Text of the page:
auf

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English[edit]

Alternative forms[edit]

Etymology[edit]

From Old English auph, aulf, from Old Norse. See elf.

Noun[edit]

auf

  1. (obsolete) A changeling or elf child; a child left by fairies.
  2. (obsolete) A deformed or foolish child; a simpleton; an oaf.
    (Can we find and add a quotation of Drayton to this entry?)

Part or all of this entry has been imported from the 1913 edition of Webster’s Dictionary, which is now free of copyright and hence in the public domain. The imported definitions may be significantly out of date, and any more recent senses may be completely missing.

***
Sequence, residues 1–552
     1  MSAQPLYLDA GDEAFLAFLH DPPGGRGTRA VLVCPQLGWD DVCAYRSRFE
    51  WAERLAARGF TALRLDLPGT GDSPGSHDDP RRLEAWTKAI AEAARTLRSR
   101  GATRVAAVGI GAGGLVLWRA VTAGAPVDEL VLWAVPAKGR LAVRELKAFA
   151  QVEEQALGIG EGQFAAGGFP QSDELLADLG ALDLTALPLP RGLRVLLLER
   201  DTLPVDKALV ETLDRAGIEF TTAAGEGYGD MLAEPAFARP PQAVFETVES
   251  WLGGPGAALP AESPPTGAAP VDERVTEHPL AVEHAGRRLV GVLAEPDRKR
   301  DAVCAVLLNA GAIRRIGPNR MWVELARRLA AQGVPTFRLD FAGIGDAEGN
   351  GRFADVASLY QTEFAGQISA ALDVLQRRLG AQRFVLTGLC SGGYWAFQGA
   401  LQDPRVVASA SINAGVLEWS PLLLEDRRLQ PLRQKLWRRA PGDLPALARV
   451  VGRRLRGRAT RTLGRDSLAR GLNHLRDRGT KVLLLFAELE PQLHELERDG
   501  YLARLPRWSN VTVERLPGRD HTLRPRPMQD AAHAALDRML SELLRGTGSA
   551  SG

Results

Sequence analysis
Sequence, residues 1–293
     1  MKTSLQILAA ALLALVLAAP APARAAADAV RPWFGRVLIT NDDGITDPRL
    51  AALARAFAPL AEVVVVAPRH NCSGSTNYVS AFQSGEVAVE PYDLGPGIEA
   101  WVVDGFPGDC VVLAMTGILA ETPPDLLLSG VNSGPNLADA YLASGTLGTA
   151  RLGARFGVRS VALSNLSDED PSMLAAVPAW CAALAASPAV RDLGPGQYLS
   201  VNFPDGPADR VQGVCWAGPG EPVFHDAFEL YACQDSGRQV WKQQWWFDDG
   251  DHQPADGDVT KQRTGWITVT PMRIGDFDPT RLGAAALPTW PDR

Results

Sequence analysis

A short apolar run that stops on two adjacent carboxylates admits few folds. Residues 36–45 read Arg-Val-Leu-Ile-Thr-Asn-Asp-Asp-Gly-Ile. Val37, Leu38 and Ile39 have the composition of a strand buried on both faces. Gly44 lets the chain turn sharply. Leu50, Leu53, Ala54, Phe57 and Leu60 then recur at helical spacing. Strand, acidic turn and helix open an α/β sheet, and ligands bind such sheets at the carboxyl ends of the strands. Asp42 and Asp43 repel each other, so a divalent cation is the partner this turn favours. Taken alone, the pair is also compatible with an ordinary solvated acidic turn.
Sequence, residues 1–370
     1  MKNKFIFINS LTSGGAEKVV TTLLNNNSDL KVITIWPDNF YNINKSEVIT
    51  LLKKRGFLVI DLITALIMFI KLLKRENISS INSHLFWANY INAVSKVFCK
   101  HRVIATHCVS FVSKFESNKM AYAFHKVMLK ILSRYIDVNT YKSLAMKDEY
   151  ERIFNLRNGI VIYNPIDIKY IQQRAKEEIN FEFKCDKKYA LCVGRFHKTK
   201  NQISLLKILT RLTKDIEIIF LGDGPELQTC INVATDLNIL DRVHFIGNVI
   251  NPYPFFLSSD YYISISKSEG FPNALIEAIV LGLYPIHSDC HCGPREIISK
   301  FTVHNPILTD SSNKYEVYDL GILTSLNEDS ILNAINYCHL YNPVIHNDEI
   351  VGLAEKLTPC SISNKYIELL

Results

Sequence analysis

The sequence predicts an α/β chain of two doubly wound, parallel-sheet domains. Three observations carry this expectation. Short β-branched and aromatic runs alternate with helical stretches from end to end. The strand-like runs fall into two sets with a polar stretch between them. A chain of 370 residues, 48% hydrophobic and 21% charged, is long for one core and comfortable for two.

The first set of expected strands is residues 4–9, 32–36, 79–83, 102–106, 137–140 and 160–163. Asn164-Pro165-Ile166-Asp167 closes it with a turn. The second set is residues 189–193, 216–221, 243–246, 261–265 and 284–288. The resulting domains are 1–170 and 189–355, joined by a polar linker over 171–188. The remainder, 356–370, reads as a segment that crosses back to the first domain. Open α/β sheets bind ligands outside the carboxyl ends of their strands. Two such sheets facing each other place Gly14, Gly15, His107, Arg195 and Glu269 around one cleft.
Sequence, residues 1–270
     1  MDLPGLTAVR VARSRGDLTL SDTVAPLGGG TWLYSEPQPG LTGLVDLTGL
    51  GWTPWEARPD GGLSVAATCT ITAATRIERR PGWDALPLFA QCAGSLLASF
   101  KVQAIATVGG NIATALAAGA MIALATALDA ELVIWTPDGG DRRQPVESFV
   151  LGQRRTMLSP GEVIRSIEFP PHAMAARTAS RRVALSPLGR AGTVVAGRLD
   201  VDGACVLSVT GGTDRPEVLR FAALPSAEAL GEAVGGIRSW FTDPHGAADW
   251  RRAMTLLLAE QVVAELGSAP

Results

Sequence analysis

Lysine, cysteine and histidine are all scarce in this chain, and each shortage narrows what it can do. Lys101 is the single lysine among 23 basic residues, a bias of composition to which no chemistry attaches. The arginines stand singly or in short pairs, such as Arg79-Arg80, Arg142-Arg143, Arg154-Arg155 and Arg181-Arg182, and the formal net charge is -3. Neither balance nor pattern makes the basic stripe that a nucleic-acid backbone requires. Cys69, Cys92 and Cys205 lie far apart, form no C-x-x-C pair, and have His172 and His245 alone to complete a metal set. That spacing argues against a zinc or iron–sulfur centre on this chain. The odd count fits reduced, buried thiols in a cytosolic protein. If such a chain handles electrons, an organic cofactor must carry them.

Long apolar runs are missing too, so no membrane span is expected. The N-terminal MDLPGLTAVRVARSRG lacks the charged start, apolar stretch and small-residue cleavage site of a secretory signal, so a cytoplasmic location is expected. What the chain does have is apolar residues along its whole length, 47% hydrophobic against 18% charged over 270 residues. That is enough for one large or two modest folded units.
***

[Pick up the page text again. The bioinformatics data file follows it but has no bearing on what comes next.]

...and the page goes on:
German[edit]

Etymology[edit]

From Old High German ūf, from Proto-Germanic *ūp-.

Pronunciation[edit]

Preposition[edit]

auf

  1. (with dative) on
    Das Buch liegt auf dem Tisch.
    The book is lying on the table.
  2. (with accusative) on, onto
    Leg das Buch auf den Tisch!
    Put the book on the table!

Usage notes[edit]

The preposition is used with accusative case when the verb shows movement from one place to another, whereas it is used with dative case when the verb shows location.

Adverb[edit]

auf

  1. (colloquial) finished, gone (food)
    Hast du deine Suppe auf?
    Have you finished your soup?

Interjection[edit]

auf

  1. carry on
  2. have a go